• As you said, Tim, I think the key lies not in the outward goal (being published) but in the inward motivations behind that goal…which is a matter of the heart.

    This post reminded me of business researcher Jim Collins, and his wildly popular book from a few years back, Good to Great.

    In his research, Collins discovered that the healthiest, most consistently high-performing organizations were led not by charismatic, self-centered, domineering leaders, (“celebrity CEO’s”) but by individuals who were often described as gracious, shy, humble, and self-effacing.

    These leaders (Collins refers to them as Level 5 leaders) were focused on the work–the outcome, not on who got credit for it. Collins observed: “They are incredibly ambitious–but their ambition is first and foremost for the institution, not themselves.”

    For example, few people have ever heard of Colman Mockler, CEO of the Gillette corporation. “His placid persona hid an inner intensity, a dedication to making anything he touched the best it could possibly be–not just because of what he would get, but because he simply couldn’t imagine doing it any other way.”

    Collins gives the formula for a Level 5 leader as such:  Compelling Modesty + Unwavering, Ferocious Resolve.

    In the context of your post– dedication to being published is laudable if it represents a desire to share the best of our gifts and talents as an offering; An intense drive to glorify God through reaching others with words that challenge and encourage.

    On the other hand, being an arrogant, self-infatuated, prima donna who believes his/her own press clippings = bad.  

    As a lifelong reader, I am always disappointed when I find authors (Christian or General Market) whose self-promotion and marketing skills far outweigh their writing talent. 

    Ambition, when rightly channeled, under the direction of the Holy Spirit, and coupled with humility, is a beautiful thing…because the focus is on the quality of the product, not the ego of the producer.

    • Great thought Alan. It’s a shame that CEOs of corporations understand this principle more than some Christian writers, artists and church leaders.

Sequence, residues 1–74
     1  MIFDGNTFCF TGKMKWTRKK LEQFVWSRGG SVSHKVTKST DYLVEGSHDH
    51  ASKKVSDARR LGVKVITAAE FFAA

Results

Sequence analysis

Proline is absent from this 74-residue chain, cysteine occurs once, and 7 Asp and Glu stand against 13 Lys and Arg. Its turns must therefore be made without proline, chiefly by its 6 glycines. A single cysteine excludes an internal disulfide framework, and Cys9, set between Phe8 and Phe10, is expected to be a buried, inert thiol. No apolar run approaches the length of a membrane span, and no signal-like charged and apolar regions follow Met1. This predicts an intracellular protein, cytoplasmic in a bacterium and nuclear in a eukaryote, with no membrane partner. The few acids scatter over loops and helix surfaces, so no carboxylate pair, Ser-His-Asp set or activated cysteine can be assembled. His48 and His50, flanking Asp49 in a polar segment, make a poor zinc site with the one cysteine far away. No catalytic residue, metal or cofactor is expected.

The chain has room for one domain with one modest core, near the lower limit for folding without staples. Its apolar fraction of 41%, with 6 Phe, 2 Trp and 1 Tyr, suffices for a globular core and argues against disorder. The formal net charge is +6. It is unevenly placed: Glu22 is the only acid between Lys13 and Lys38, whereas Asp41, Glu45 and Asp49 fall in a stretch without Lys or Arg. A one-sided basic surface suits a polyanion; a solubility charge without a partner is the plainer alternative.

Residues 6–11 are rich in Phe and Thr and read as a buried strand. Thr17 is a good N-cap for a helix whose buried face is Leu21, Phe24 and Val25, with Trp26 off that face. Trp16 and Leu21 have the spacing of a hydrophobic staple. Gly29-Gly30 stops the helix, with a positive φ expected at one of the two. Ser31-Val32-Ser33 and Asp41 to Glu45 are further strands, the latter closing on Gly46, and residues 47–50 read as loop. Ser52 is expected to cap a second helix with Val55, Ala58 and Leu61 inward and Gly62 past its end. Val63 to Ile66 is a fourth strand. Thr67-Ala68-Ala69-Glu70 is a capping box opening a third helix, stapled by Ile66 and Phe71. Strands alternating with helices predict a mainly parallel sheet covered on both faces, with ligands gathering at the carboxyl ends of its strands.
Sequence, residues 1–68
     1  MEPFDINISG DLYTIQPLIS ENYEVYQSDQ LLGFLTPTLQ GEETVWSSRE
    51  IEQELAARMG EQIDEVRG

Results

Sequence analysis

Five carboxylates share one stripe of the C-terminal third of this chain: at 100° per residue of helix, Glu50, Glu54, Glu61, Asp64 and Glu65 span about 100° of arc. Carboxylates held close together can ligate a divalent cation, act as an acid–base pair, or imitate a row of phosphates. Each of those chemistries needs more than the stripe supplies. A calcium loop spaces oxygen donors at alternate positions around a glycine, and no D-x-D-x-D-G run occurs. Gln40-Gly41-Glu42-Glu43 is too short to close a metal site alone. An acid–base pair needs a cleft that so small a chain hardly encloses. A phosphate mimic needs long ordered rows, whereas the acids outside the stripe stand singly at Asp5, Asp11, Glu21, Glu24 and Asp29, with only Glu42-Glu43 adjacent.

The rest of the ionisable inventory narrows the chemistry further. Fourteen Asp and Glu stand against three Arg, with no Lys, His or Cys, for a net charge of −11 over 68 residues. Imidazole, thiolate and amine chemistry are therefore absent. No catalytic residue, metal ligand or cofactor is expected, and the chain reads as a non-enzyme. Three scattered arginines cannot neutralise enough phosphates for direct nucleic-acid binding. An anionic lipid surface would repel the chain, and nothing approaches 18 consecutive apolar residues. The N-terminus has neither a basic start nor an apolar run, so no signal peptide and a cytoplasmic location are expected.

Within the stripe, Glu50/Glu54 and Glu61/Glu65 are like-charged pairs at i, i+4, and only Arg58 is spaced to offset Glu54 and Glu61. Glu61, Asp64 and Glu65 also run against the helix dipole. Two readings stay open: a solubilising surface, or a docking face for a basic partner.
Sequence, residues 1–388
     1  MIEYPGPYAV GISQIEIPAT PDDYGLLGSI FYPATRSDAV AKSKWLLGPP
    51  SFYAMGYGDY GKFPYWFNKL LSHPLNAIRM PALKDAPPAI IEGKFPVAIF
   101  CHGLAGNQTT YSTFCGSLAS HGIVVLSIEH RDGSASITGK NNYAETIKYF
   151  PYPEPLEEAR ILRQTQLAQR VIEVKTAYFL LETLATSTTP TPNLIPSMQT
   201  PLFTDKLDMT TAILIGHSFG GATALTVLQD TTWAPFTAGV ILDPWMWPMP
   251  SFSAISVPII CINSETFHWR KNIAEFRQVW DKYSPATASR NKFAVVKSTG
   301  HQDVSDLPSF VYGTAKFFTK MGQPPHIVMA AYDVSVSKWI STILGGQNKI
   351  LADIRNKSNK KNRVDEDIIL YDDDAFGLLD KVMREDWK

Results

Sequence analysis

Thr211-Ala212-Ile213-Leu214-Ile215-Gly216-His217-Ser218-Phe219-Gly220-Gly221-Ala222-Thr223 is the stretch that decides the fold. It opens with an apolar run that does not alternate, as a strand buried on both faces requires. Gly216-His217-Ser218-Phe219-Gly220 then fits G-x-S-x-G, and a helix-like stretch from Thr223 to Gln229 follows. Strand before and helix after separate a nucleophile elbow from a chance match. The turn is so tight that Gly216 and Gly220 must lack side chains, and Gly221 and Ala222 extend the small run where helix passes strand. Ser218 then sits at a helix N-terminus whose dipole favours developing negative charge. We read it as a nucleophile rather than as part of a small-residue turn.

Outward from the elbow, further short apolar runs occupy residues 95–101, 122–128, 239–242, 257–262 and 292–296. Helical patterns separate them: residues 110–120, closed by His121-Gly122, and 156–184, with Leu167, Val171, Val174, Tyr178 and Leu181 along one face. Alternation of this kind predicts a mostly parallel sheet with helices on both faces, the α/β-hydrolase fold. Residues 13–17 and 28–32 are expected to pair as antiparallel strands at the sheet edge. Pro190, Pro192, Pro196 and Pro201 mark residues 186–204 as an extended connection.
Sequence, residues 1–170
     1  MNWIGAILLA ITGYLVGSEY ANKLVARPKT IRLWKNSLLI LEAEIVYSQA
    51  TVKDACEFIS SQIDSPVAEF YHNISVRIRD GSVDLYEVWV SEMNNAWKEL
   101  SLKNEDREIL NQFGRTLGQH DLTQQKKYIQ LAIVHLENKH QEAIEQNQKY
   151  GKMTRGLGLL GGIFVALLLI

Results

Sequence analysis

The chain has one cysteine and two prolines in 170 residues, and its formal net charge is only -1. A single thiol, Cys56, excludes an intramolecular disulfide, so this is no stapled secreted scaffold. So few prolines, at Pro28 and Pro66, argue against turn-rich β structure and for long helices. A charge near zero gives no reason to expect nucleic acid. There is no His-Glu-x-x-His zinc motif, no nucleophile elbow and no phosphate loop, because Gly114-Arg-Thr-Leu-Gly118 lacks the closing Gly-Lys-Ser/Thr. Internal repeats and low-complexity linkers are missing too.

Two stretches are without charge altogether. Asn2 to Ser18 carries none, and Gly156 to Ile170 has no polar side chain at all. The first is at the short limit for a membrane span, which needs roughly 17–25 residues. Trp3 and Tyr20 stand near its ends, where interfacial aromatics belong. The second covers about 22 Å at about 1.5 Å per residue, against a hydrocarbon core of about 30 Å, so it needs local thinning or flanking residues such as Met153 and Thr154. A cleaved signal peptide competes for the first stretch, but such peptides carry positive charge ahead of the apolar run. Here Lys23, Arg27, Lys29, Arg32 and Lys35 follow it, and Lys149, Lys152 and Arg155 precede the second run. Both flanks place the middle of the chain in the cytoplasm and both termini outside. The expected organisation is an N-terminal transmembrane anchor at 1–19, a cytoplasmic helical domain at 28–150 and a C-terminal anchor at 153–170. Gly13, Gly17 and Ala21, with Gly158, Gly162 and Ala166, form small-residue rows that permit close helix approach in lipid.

• Catrina

      You said this so well. I had the pleasure and honor of working for a boss like you described.  And I’ve also been impressed by the hype of an author (or movie, etc.) but disappointed by the actual product. Like Tim, I wonder how much better the book would be if some of the creativity behind the advertising was directed toward the writing of the story instead.

  • Margo Carmichael

    Exactly. And I want it right now, too. But I’m waiting on God’s timing. And meanwhile, I’m enjoying the journey.

    • @google-b11c4755a34747724231345bc0624fe3:disqus The sad thing is, it is easy to quit enjoying the journey when the whole getting published thing starts getting serious. The last six months all but sucked the joy out of it for me as I wrote and rewrote and then jumped through hoops only to have the publisher holding out the hoops decide they aren’t going to sign any more suspense in the near future. We always have to keep reminding ourselves why we do what we do and let that be reward enough in itself.

  • Catrina

    The apparent contradiction between ambition and rewards versus humility and meekness is a struggle for me to understand, too. I think God absolutely wants me to be ambitious – no sluggards allowed! The problem comes when the motivation that drives me is ME, not others.  Even if I truly desire all of those jewels just so the crown I cast at the feet of Jesus is beautiful, isn’t that still prideful? Thanks for some deep thoughts. I’m still thinking about this conundrum.